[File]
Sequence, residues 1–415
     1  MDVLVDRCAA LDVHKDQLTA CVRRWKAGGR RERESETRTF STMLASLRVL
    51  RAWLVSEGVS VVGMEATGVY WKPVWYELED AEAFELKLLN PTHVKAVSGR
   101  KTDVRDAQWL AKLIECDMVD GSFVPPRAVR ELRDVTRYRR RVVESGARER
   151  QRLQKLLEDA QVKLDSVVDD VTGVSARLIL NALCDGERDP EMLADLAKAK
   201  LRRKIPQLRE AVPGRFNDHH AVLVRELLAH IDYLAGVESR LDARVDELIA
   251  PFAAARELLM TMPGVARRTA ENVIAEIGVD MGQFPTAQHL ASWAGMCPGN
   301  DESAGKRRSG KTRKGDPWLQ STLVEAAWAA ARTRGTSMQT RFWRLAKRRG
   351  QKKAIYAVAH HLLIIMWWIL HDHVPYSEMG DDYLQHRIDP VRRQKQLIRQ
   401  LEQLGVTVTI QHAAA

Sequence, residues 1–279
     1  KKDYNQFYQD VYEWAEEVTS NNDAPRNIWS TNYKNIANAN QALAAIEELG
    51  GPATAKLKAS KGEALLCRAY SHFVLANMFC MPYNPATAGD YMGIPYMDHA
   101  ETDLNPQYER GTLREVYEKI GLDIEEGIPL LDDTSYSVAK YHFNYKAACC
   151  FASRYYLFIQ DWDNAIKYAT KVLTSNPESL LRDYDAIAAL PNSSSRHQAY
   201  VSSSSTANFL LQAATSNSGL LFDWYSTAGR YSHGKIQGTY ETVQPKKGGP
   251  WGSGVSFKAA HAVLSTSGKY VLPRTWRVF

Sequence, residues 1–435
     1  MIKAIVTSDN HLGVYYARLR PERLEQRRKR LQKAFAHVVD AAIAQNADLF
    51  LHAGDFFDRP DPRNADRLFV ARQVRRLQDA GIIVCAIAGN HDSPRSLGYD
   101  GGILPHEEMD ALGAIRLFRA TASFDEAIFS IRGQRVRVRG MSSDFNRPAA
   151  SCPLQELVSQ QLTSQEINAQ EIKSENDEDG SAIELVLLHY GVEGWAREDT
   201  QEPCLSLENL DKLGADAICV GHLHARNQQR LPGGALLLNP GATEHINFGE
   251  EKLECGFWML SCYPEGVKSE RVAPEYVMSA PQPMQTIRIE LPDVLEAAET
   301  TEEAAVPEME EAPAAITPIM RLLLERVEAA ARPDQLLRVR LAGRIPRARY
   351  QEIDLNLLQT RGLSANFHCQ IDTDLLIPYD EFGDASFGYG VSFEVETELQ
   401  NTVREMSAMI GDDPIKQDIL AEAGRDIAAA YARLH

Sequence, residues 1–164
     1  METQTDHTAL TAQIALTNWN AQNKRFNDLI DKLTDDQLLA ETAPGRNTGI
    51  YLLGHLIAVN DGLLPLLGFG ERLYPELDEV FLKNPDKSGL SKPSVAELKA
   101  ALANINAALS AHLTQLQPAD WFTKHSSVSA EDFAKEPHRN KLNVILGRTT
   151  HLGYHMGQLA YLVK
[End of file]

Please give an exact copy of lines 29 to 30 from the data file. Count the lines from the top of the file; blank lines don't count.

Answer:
     1  METQTDHTAL TAQIALTNWN AQNKRFNDLI DKLTDDQLLA ETAPGRNTGI
    51  YLLGHLIAVN DGLLPLLGFG ERLYPELDEV FLKNPDKSGL SKPSVAELKA